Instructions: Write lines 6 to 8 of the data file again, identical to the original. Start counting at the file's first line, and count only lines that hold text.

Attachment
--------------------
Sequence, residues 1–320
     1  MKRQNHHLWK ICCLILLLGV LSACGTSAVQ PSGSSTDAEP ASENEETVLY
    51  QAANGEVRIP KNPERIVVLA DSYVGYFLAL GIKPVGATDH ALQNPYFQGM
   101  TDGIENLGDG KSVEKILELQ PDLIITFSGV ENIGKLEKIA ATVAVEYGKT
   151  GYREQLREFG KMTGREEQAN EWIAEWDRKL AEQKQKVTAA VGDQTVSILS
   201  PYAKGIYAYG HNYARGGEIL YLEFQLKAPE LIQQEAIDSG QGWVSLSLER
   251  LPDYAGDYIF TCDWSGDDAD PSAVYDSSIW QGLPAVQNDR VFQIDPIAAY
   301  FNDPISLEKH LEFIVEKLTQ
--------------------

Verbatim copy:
   201  PYAKGIYAYG HNYARGGEIL YLEFQLKAPE LIQQEAIDSG QGWVSLSLER
   251  LPDYAGDYIF TCDWSGDDAD PSAVYDSSIW QGLPAVQNDR VFQIDPIAAY
   301  FNDPISLEKH LEFIVEKLTQ